You make a valid point but I do believe that there is a buyer for everything, the right individual just has to come along.

    Things I have collected over the years are for my entertainment, I have the stuff because I like it. Having said that, I do have some interesting collections and if at some point decide to sell some or all of it, I'd have to see what the market value would be. I'm sure I could make some money if I sold my collections but no I don't expect to get rich from it.

  58. JQuintana

    Not good for sure, but I'm sure most folks didn't or don't believe these discs of plastic and glue were meant to last a lifetime.

    DVD's aren't expected to last a lifetime but should last longer than they do. What is the current life expectancy of DVD's? About 10 or 15 years? That isn't very long. I have some VHS cassettes that are over 30 years old and still play perfect like they are new. In some ways, VHS is better than DVD because the good quality tapes seem to last longer.

  59. BobO’Link

    Why not? I have almost 40 year old CDs that play just fine. Why wouldn't I expect the same from a DVD?

    It could be that CD's & DVD's that are manufactured with better quality materials tend to last longer. And it also depends on how the discs are handled and stored. If the discs are handled carefully and stored in a cool/dry location they should last longer too.

    That Space 1999 DVD set I have, A & E released it, they probably used the cheapest quality discs they could find because the disc rot on those discs is pretty bad. Some look worse than others, but all of them show some form of disc rot.

  60. BobO’Link

    Why not? I have almost 40 year old CDs that play just fine. Why wouldn't I expect the same from a DVD?

    Exactly. When I began purchasing DVDs in earnest I was in my 40’s and certainly expected them to last as long as I do! At least 35 to 40 years. If that’s not gonna happen then I for one feel somewhat cheated on the product and what we were originally lead to believe about their longevity.

  61. I'm almost 55 so I've been around the electronics block. 🙂

    But I don't recall every reading about or seeing disc makers say that DVD's will survive 50+ years or any amount of years for that matter. Users on forums have claimed it maybe, but not manufacturers that I ever saw.

  62. JQuintana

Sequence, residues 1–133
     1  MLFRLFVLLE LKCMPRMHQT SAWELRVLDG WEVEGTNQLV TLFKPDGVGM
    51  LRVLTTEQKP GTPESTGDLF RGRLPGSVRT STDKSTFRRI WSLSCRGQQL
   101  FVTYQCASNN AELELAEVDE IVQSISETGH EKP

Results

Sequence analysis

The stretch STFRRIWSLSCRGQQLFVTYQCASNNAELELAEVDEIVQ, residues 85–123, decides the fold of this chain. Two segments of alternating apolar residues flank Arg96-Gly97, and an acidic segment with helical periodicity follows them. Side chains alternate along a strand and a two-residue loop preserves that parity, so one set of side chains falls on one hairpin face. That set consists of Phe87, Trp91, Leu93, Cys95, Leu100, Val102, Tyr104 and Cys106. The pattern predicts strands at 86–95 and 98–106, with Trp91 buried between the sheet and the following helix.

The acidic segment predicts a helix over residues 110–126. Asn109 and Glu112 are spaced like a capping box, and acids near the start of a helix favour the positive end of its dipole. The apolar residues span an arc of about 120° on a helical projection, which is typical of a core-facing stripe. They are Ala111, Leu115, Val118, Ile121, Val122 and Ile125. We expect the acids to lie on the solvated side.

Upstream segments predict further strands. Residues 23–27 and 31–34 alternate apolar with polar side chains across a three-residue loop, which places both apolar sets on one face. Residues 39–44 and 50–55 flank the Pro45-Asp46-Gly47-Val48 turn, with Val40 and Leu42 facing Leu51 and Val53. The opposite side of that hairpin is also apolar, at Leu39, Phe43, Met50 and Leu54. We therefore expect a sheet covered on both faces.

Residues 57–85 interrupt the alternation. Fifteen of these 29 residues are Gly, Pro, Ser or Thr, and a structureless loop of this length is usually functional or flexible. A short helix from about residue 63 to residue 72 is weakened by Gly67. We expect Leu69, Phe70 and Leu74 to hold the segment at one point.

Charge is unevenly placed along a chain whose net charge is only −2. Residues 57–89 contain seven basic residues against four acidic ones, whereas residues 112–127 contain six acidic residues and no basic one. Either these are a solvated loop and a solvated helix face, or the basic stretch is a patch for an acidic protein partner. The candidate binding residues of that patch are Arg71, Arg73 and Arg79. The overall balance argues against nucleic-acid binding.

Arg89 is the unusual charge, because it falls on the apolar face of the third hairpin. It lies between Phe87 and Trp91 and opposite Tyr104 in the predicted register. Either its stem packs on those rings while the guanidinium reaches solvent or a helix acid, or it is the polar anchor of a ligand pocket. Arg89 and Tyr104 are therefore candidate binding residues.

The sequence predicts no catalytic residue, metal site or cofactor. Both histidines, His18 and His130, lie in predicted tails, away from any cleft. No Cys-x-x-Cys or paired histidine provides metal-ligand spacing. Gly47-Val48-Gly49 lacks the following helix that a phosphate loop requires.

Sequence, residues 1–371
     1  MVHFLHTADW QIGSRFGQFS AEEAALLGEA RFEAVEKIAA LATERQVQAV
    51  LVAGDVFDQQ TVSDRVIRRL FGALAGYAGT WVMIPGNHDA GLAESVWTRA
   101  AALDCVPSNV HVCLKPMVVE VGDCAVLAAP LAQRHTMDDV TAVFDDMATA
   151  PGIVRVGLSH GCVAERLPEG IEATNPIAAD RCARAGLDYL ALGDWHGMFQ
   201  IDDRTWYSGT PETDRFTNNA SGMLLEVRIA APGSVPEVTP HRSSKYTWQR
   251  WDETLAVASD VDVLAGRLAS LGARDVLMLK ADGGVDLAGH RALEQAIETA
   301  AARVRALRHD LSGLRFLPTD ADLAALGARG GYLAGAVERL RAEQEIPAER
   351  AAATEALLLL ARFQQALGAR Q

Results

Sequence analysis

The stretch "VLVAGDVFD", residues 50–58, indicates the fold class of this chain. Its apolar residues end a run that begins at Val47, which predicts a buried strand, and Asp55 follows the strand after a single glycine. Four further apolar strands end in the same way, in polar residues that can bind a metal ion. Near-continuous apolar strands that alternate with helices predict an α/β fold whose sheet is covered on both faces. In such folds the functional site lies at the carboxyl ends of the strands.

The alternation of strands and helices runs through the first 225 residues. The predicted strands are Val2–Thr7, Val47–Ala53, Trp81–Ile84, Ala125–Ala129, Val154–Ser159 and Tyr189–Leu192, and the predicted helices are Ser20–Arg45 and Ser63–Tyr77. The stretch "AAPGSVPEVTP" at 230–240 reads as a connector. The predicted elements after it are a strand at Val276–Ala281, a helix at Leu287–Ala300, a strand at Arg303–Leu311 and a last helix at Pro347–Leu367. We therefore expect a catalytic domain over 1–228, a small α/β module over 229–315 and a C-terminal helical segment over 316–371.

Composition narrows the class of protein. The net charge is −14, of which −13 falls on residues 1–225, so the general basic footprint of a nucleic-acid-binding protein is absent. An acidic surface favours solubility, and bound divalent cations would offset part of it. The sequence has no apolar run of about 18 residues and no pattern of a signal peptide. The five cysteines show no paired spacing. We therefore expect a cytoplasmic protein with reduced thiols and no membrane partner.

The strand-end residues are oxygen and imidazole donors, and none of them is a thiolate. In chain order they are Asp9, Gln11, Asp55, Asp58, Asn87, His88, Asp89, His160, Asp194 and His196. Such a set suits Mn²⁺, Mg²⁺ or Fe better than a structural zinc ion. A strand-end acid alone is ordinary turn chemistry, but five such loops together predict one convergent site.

Where did any studio or movie disc maker state in writing that discs would last "X" amount of years? I know of NONE. So how can you feel "cheated"? It was and is a gamble to own these.

    Kindly note the wording in my post. Where did I state that studios or 'movie disc makers' [your wording, not mine] stated that dvds would last so many years? I did not state that so don't argue a straw man with me. But there were many comments, from multiple online sites, that these discs could be expected to last anywhere from 50 to 100 years. It's axiomatic so I'm not going to argue it with you.

  63. Josh Steinberg

    My wife recently told me about Marie Kondo…

    Have you watched any of the show? I’ve seen some of the articles about her, but haven’t watched it yet. I’m wondering if it’s worth checking out.

  64. Gary OS

    Kindly note the wording in my post. Where did I state that studios or 'movie disc makers' [your wording, not mine] stated that dvds would last so many years? I did not state that so don't argue a straw man with me. But there were many comments, from multiple online sites, that these discs could be expected to last anywhere from 50 to 100 years. It's axiomatic so I'm not going to argue it with you.

    I suspect the key is finding what is the original source of this "50 to 100 years" assertion, which multiple online sites/articles have been "parroting" over all these years.

  65. JQuintana

    Just by the nature of the materials used to make them. Not to mention the environments they are stored in. Plastics, glue, humidity, dry air, heat, cold, it's all a recipe for short shelf lives.

    I understand you have a bent towards digital but please don't pass around false information. They both use the same materials.

  66. DaveF

    Have you watched any of the show? I’ve seen some of the articles about her, but haven’t watched it yet. I’m wondering if it’s worth checking out.

    I haven’t, I’m sorry – I had to double check just to be sure I spelled her name right.

  67. jcroy

    The entire argument completely falls apart if one of the original "axioms" was just "manufactured" by marketing folks, with no laboratory studies backing it up.

    I concur. But it would go against common logic to think that LP's, vhs tapes, and CD's can last for decades but we should just accept that DVD's will deteriorate after only 10 years or so. No one in their right mind would assume that to be the case, unless they were told to expect it.

  68. I never bought any DVDs with the idea that I would resell them or that they would appreciate in value. I'm not sure what would give anyone that idea. As far as their longevity, how could anyone know how long they were going to last? We only find that out by waiting and seeing how long they actually last. I have DVDs I burned 20 years ago that still work. And factory DVDs I bought half as long ago that don't.